LETTER: Pacific Labour Scheme letting relations down

A CENTRAL plank of the Coalition Government’s push to boost Australia’s engagement with the Pacific, its new Pacific Labour Scheme, has had a deeply disappointing first year.

The Department of Foreign Affairs and Trade has revealed that the Pacific Labour Scheme brought just 203 Pacific island country nationals to work in Australia since starting on July 1, 2018.

That’s around one-tenth of the number of workers the government predicted would access the scheme in 2018-19. The 2017-18 mid-year fiscal outlook budgeted for and projected 1935 visas being granted in 2018-19.

The scheme is designed to help employers facing labour shortages in rural and regional Australia while supporting economic development in our Pacific neighbours.

Labor has long advocated greater Australian engagement with the Pacific and the need to support the region’s development, human welfare and security challenges.

We welcome the fact that the Coalition has belatedly recognised the region’s importance with its Pacific Step Up strategy.

But the lower than expected numbers under the Pacific Labour Scheme raise questions about how effectively the Government is implementing its Step Up policies.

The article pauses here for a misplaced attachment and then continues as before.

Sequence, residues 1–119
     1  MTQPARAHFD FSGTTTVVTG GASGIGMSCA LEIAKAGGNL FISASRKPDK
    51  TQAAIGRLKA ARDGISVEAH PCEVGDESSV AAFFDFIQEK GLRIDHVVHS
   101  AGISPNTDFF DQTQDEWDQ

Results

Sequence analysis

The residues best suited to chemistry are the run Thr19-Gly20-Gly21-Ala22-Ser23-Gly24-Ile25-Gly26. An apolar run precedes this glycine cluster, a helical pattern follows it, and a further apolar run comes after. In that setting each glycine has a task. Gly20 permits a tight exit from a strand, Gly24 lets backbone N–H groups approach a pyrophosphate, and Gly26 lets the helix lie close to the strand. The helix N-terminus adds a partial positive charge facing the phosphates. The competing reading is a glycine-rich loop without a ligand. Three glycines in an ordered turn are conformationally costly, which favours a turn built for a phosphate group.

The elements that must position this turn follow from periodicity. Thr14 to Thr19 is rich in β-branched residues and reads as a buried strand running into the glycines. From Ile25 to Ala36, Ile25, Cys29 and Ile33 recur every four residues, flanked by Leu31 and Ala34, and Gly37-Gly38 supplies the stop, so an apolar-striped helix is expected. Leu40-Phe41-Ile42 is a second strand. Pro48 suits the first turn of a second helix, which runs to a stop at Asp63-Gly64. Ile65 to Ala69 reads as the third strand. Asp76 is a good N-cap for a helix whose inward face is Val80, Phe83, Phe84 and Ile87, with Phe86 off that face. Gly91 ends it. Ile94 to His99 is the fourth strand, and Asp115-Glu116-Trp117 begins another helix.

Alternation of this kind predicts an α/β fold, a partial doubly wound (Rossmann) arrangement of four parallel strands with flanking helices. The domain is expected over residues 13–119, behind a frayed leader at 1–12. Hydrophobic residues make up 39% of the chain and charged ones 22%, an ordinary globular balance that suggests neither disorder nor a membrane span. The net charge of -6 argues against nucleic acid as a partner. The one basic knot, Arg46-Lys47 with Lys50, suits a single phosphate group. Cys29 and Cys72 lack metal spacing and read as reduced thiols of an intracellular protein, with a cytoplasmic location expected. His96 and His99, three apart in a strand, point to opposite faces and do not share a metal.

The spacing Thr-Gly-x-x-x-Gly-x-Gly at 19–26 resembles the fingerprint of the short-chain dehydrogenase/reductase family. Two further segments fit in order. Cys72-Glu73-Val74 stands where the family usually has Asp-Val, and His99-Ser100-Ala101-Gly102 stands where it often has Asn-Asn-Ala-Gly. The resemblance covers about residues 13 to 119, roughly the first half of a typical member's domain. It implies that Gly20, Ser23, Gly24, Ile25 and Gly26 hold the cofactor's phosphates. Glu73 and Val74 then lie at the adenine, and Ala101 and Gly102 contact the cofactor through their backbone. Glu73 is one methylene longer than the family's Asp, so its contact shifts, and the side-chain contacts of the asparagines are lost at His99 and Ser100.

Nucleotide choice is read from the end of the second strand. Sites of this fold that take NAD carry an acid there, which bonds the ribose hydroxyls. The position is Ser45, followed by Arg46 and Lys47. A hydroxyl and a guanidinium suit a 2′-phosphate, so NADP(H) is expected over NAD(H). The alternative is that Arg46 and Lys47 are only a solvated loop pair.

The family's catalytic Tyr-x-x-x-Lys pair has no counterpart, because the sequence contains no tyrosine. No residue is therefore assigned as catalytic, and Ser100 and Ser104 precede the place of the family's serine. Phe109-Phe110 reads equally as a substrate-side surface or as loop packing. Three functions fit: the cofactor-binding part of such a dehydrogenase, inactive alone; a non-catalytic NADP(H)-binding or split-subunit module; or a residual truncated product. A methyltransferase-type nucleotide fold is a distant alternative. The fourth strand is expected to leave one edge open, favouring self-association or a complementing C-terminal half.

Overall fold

The 203 workers arriving under the Pacific Labour Scheme in 2018-19 is much lower than the 1,473 visas granted to Pacific islanders under the Seasonal Worker Program in its first year of full operation in 2012-13.

The Coalition has undermined Pacific labour mobility programs by deregulating working holiday maker, or backpacker, visas – which are running at more than 185,000 visas granted annually.

The Coalition’s deregulation of backpacker visas in 2017 has seen the number of visa holders granted a second year’s stay in Australia jump by 5,328 or 15.3 per cent in 2018.

This trend is likely to continue as the next round of deregulatory working holiday maker visa changes came into effect on July 1, 2019.

The government’s credibility in the Pacific is already compromised by its climate change policy. It would be concerning if poor implementation of programs and contradictory policy approaches further jeopardised its Pacific Step Up, given the importance for Australia of a prosperous and stable Pacific.

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